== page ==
Making Sense of Psychiatric Diagnosis breaks down the different categories of DSM-5 diagnoses, explaining the diagnostic criteria and providing first-hand stories of the various illnesses.  It’s available on Amazon and other online retailers, as well as the MH@H Store.


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23 thoughts on “Book Review: The Collected Schizophrenias”

  1. That is an interesting angle, how people react to mental illness. It sounds like a good book! Where do you find the energy to read all those books? Lol! I’m glad you can enjoy reading from time to time.

      1. I find I bump back and forth with my reading-abilities. That brain of mine isn’t easily refueled!
        I enjoy your reviews and you always give me good info and tips to read. Thanks!

  2. Okay, I’m insanely jealous. This person wrote about having schizoaffective disorder and won all these book awards?! AAAUGH, and yet my books never sell!! AAAUGH!!

    Meg, geez, calm yourself.

    I’m not sure I got enough sleepytime last night!! 😀

    I’m not sure I like her attitude. I don’t think being hospitalized in and of itself is traumatic. Something traumatic would have to happen within that context. I’m not saying it can’t be traumatic, but people who are hospitalized with cancer don’t whine about how traumatic it is. Did she give anymore info about why it was traumatic? Were the staff horrible to her? (I sincerely apologize if my views on this are offensive to anyone. In all honesty, I think I might have slept poorly.)

      1. thanks for sharing!! 🙂 I seriously must be braindead today!! I can see how it would be traumatic now that I’m five minutes more awake! No kidding!!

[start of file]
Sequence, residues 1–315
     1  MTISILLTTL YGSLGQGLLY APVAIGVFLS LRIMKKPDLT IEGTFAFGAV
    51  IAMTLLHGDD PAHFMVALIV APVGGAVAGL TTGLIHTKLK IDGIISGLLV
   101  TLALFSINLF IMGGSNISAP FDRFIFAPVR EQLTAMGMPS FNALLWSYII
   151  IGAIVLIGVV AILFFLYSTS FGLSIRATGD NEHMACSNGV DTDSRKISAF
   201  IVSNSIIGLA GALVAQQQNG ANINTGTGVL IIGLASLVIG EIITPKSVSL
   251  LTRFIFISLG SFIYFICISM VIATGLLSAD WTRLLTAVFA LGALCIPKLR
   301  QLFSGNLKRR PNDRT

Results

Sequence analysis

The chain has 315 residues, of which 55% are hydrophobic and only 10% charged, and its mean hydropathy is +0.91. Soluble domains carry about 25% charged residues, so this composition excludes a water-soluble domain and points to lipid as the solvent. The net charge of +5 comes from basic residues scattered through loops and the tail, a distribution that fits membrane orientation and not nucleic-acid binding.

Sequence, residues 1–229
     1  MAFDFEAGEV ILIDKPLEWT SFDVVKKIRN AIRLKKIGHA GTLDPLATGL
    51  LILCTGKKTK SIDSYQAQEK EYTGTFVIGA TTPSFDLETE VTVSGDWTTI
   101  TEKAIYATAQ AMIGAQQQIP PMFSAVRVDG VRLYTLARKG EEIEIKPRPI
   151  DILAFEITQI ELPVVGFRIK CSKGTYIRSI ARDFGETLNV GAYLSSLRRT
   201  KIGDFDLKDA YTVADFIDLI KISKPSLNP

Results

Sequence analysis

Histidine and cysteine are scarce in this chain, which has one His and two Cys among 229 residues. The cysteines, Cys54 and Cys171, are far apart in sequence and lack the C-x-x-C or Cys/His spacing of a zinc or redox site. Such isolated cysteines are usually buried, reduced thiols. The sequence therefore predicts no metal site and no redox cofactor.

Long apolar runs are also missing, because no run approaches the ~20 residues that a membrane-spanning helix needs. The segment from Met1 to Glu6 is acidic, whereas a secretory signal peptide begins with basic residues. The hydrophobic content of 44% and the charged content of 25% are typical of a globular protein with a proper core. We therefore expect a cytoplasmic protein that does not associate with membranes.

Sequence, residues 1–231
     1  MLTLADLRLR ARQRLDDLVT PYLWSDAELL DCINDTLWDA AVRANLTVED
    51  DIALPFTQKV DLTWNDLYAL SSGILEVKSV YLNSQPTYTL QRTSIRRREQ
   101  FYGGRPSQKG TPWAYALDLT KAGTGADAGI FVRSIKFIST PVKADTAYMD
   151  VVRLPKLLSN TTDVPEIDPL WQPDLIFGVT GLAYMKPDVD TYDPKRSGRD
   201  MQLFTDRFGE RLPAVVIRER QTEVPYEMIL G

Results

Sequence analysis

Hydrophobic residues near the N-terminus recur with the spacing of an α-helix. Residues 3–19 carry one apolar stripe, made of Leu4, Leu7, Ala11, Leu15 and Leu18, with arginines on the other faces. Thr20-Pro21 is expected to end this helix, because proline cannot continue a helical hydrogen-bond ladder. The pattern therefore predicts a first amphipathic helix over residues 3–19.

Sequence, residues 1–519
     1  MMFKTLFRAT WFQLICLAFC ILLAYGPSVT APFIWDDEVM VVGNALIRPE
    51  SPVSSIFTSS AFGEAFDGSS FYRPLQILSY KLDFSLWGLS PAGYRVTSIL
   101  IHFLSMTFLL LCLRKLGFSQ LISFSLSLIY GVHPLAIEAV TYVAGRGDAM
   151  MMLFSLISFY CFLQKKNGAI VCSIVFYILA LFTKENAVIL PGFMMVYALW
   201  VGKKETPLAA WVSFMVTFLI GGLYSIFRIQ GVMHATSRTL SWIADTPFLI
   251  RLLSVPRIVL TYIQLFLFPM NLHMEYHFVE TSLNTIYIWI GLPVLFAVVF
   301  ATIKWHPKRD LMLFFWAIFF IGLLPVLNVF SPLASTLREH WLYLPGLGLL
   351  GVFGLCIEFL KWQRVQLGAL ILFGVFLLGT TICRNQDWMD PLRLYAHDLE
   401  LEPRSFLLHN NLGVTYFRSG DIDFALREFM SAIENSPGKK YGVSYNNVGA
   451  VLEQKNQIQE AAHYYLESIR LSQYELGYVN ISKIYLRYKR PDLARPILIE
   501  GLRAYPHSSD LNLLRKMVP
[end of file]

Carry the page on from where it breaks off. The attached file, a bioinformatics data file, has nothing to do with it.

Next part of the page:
1. I used to have massively off-kilter sleep schedules, and I hated it!! UGH. It was hard. I’d be up all night like you said and then I’d sleep all day. Oh how I hated it. I’m just so glad I have meds now so that I can fall asleep and wake up at normal hours. I’m not sure, but I think my large doggie might’ve interrupted my sleep too early this morning by climbing all over me!! Bad doggie.

      1. I hear ya!! I swear, I feel like I’m in a fog today!! Here’s hoping I can wake up already, because I’ve got plans with Ash in a few hours!!

  3. Thanks for the review, Ashley. I plan to read this one eventually – it’s on my list.

    As for hospitalizations, I wouldn’t say mine have been traumatic, but I’ve had a lot of negative experiences, too. Going inpatient is always a last resort for me – it usually doesn’t help much, costs a lot. I look at going inpatient as when I need to be kept safe from myself.

    In early 2019, I did an outpatient program and that was a much better decision at that time. However, I know if I’m seriously suicidal or having a very hard time, inpatient can save my life, no matter how crappy it is in there.

  4. This sounds like such a good read and there seems to be a few issues mentioned that I think I’d relate with – definitely will keep an eye out for this one! x